Translational Research using blockade of Interleukin 6 signaling to prevent GVHD
Interleukin 6 (IL-6) is produced by a number of cell types and is a primary mediator of inflammation. We observed that inhibition of IL-6 significantly reduced the severity of GVHD in animal models in part due to augmented reconstitution of regulatory T cells. We have subsequently translated these findings into a clinical trial in which patients were treated with Tocilizumab, a humanized form of the same antibody we used in our mouse models. The results of this study showed that patients treated with the antibody has a significant reduction in moderate to severe GVHD when compared to a cohort of patients that were treated with standard prophylactic therapy. This work indicated that our pre-clinical modeling and basic science investigations have direct clinical relevance.
(Piper C, Hainstock E, Yin-Yuan C, Chen Y, Khatun A, Kasmani MY, Evans J, Miller JA, Gorski J, Cui W, Drobyski WR.) Blood Adv. 2022 May 10;6(9):2791-2804 PMID: 35015822 PMCID: PMC9092418 01/12/2022
(Ciecko AE, Schauder DM, Foda B, Petrova G, Kasmani MY, Burns R, Lin CW, Drobyski WR, Cui W, Chen YG.) J Immunol. 2021 10 15;207(8):1990-2004 PMID: 34507949 PMCID: PMC8492517 SCOPUS ID: 2-s2.0-85116529072 09/12/2021
(Dhakal B, Thapa B, Dong H, Tarima S, Chhabra S, D'Souza A, Drobyski W, Abid M, Shah N, Fenske T, Longo W, Hari P, Hamadani M.) Clin Lymphoma Myeloma Leuk. 2021 10;21(10):e775-e781 PMID: 34257042 SCOPUS ID: 2-s2.0-85110347842 07/15/2021
(Yuan CY, Zhou V, Sauber G, Stollenwerk T, Komorowski R, López A, Tolón RM, Romero J, Hillard CJ, Drobyski WR.) Blood. 2021 03 04;137(9):1241-1255 PMID: 33027805 PMCID: PMC7933769 SCOPUS ID: 2-s2.0-85101859000 10/08/2020
(Letscher H, Agbogan VA, Korniotis S, Gastineau P, Tejerina E, Gras C, Mégret J, Moe A, Drobyski WR, Zavala F.) Sci Rep. 2021 02 26;11(1):4735 PMID: 33637789 PMCID: PMC7910458 SCOPUS ID: 2-s2.0-85101779771 02/28/2021
(Knight JM, Costanzo ES, Singh S, Yin Z, Szabo A, Pawar DS, Hillard CJ, Rizzo JD, D'Souza A, Pasquini M, Coe CL, Irwin MR, Raison CL, Drobyski WR.) Transl Psychiatry. 2021 01 18;11(1):58 PMID: 33462203 PMCID: PMC7812704 SCOPUS ID: 2-s2.0-85100097244 01/20/2021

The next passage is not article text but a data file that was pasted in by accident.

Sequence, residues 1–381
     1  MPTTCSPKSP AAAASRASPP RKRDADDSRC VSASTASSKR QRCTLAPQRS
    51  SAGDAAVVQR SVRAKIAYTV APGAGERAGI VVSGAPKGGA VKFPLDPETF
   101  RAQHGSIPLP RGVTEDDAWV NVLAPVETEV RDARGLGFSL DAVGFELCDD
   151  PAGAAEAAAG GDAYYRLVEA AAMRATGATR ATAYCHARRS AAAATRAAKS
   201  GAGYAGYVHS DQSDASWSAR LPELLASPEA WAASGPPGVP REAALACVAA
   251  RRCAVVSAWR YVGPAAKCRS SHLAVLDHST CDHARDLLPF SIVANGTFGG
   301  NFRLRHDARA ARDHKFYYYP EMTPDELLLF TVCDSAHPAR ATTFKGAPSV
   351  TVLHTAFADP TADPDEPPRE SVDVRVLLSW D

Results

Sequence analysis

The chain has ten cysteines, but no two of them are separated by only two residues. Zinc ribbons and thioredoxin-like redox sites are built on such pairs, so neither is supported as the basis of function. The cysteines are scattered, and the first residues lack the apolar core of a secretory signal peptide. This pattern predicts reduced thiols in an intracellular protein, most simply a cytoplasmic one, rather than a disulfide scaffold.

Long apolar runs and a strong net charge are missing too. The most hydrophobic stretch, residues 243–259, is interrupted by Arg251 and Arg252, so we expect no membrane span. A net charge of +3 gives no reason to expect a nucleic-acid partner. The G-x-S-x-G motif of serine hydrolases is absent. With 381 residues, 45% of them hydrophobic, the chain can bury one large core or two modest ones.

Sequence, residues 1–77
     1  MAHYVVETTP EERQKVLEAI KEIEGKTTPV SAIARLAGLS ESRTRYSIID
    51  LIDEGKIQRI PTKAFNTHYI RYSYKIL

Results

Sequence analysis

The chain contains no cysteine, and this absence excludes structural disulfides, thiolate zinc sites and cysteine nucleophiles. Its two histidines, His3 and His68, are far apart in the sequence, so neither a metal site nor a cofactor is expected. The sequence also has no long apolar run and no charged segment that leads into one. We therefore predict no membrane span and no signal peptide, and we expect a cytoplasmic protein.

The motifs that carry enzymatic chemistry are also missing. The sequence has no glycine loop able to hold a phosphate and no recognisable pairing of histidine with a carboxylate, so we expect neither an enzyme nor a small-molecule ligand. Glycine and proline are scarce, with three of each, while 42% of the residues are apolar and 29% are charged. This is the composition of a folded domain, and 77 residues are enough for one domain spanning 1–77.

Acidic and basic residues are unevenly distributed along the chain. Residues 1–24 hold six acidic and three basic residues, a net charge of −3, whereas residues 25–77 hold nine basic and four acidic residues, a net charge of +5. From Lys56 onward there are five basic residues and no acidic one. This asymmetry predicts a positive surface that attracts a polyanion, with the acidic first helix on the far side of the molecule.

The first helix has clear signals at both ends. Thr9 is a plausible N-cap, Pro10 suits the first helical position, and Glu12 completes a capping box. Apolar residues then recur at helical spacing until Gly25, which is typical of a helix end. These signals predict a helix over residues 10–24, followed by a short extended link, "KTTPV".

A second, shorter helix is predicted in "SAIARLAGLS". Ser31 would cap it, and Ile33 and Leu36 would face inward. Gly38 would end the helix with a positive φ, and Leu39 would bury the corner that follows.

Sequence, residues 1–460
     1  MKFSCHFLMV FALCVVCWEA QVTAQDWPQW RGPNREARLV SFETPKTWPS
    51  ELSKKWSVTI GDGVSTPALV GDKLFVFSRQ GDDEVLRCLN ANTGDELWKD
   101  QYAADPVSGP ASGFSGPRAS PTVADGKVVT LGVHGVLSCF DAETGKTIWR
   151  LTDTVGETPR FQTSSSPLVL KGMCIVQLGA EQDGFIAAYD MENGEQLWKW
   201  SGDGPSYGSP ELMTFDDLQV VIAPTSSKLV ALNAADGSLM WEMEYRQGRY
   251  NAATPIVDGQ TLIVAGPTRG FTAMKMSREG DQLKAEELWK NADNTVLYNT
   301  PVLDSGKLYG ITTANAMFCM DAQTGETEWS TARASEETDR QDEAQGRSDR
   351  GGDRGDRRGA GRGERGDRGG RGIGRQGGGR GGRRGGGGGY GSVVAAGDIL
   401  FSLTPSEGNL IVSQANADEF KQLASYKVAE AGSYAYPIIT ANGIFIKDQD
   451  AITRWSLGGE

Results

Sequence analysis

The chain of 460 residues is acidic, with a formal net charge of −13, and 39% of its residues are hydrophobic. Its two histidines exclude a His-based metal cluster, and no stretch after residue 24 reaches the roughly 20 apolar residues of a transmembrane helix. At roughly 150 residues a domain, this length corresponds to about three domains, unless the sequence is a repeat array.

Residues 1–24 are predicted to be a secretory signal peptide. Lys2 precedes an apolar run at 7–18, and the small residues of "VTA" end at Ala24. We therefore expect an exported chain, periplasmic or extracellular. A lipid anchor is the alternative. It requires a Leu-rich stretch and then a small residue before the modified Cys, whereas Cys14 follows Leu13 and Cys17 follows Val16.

(Rayasam A, Drobyski WR.) Front Immunol. 2021;12:779076 PMID: 34899738 PMCID: PMC8662938 SCOPUS ID: 2-s2.0-85121218490 12/14/2021
(Letscher H, Agbogan VA, Korniotis S, Gastineau P, Tejerina E, Gras C, Mégret J, Moe A, Drobyski WR, Zavala F.) Scientific Reports. December 2021;11(1) SCOPUS ID: 2-s2.0-85101779771 12/01/2021
Corrigendum to ‘Ixazomib for chronic Graft-Versus-Host Disease prophylaxis following allogeneic hematopoietic cell transplantation’ [Biology of Blood and Marrow Transplantation 26/10 (2020) 1876-1885] (Biology of Blood and Marrow Transplantation (2020) 26/10(1876-1885) (S1083879120304146), (10.1016/j.bbmt.2020.07.005))
(Chhabra S, Visotcky A, Pasquini MC, Zhu F, Tang X, Zhang MJ, Thompson R, Abedin S, D'Souza A, Dhakal B, Drobyski WR, Fenske TS, Jerkins JH, Rizzo JD, Runaas L, Saber W, Shah NN, Shaw BE, Horowitz MM, Hari PN, Hamadani M.) Transplantation and Cellular Therapy. 2021 SCOPUS ID: 2-s2.0-85101258094 01/01/2021
(Luo L, Chen Y, Chen X, Zheng Y, Zhou V, Yu M, Burns R, Zhu W, Fu G, Felix JC, Hartley C, Damnernsawad A, Zhang J, Wen R, Drobyski WR, Gao C, Wang D.) J Immunol. 2020 12 15;205(12):3480-3490 PMID: 33158956 PMCID: PMC7955895 SCOPUS ID: 2-s2.0-85097490484 11/08/2020
(Sarott RC, Westphal MV, Pfaff P, Korn C, Sykes DA, Gazzi T, Brennecke B, Atz K, Weise M, Mostinski Y, Hompluem P, Koers E, Miljuš T, Roth NJ, Asmelash H, Vong MC, Piovesan J, Guba W, Rufer AC, Kusznir EA, Huber S, Raposo C, Zirwes EA, Osterwald A, Pavlovic A, Moes S, Beck J, Benito-Cuesta I, Grande T, Ruiz de Martı N Esteban S, Yeliseev A, Drawnel F, Widmer G, Holzer D, van der Wel T, Mandhair H, Yuan CY, Drobyski WR, Saroz Y, Grimsey N, Honer M, Fingerle J, Gawrisch K, Romero J, Hillard CJ, Varga ZV, van der Stelt M, Pacher P, Gertsch J, McCormick PJ, Ullmer C, Oddi S, Maccarrone M, Veprintsev DB, Nazaré M, Grether U, Carreira EM.) J Am Chem Soc. 2020 10 07;142(40):16953-16964 PMID: 32902974 SCOPUS ID: 2-s2.0-85092682450 09/10/2020
(Chhabra S, Visotcky A, Pasquini MC, Zhu F, Tang X, Zhang MJ, Thompson R, Abedin S, D'Souza A, Dhakal B, Drobyski WR, Fenske TS, Jerkins JH, Douglas Rizzo J, Runaas L, Saber W, Shah NN, Shaw BE, Horowitz MM, Hari PN, Hamadani M.) Biol Blood Marrow Transplant. 2020 10;26(10):1876-1885 PMID: 32653622 PMCID: PMC7571859 SCOPUS ID: 2-s2.0-85089134303 07/13/2020